The Blue Note Years In Philly

Jazz Buddies,

Yesterday evening (Friday), I took a quick drive up to the City of Brotherly Love, its Phillies currently basking in World Series glory and its Eagles undefeated at 8-0, to check out “Celebrating the Blue Note Years” at Chris’ Jazz Cafe.  The great trombonist Steve Davis led an outstanding sextet, featuring Steve Wilson (as), Eric Alexander (ts), and the young homegrown Tim Brey Trio rhythm section with Alex Claffy (b) and Joe Peri (d). 

The iconic Blue Note label, established in 1939 by Alfred Lion and Max Margulis, was the most influential and respected jazz labels of the mid-20th century, noted for its role in facilitating the development of hard bop, post-bop, and avant-garde Jazz.  Its 1950s-60s recordings, with Rudy Van Gelder (RVG) at the helm, captured such artists and groups as: Art Blakey & The Jazz Messengers, Horace Silver, Lee Morgan, Kenny Dorham, Dexter Gordon, Jimmy Smith, Thelonious Monk, Bud Powell, J.J. Johnson, Stanley Turrentine, Freddie Hubbard, Herbie Hancock, Wayne Shorter, and Grant Green, just to name few.  WOW!!!

During the first set, Stevie D & Company covered three Blue Note staples, along with an original:

  • Stan’s Shuffle (Stanley Turrentine)
  • Black Nile (Wayne Shorter)
  • ‘Round Midnight (Thelonious Monk)
  • Chainsaw (Eric Alexander)

Keeping alive the spirit of the 1950s Blue Note era, the stellar group provided hard swingin’, no-holds barred treatment of the first two tunes, including incredible solos and trading fours with Mr. Peri.  This was followed by the beautiful “‘Round Midnight” ballad, with a beautiful piano intro by Mr. Brey, performed by both Steves, alternating phrases.  The set concluded with Eric’s mid-tempo “Chainsaw”, each member taking an extended solo.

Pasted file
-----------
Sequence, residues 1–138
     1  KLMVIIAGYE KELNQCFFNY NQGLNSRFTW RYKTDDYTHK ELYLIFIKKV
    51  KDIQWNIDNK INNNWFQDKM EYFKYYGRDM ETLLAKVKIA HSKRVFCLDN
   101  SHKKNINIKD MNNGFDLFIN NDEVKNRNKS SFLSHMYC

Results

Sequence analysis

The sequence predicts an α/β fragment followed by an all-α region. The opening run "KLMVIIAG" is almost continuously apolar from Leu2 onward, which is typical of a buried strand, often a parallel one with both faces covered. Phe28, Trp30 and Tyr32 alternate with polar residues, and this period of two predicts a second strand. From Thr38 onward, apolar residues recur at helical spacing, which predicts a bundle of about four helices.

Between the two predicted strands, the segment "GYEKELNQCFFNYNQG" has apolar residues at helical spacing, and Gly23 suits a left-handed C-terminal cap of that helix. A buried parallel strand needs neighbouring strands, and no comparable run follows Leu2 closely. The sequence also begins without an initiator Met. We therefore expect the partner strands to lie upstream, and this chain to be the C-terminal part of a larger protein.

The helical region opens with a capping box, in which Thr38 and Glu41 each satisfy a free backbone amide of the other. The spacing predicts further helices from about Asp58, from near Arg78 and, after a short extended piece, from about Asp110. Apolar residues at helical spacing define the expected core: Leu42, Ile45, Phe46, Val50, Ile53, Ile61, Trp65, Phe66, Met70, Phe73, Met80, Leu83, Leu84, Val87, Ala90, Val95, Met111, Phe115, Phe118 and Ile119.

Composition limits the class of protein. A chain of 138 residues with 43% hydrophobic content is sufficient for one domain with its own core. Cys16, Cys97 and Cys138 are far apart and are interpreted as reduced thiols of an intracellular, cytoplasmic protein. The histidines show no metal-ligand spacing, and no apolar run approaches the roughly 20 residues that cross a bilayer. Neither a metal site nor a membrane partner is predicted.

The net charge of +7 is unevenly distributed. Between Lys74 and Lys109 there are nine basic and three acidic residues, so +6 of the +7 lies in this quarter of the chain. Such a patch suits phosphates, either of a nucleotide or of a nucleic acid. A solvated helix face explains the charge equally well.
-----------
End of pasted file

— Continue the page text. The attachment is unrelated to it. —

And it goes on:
The first set was followed by the customary and very informative Q&A with host Steve Wright.  Davis, a Binghamton, NY, native, stated that he discovered Jazz at the early age of 14 after hearing a recording of Lee Morgan’s “The Sidewinder” (Blue Note) on the radio.  Because his dad had several rock & roll and Jazz records around the house (including “The Sidewinder”), Steve soon engrossed himself in his father’s collection of Blue Note recordings, including those of Horace Silver, Art Blakey & The Jazz Messengers, and Lee Morgan.  After hearing trombonist J.J. Johnson on Horace Silver’s “Cape Verdean” album, as well as trombonist Curtis Fuller on Art Blakey’s albums, Steve was hooked on that instrument!  He also spoke of his mentor, the great Jackie McClean, giving him words of encouragement at the tender age of 24: “Don’t be afraid if you ‘crack’ a note.  No one’s gonna knows except you!”  Steve is also an alumnus of the esteemed Art Blakey & The Jazz Messengers “finishing school”!

Overall, an outstanding performance, reminiscent of those memorable, classic Blue Note recordings, and certainly worth the 110-mile trek from Baltimore… 🎵🎵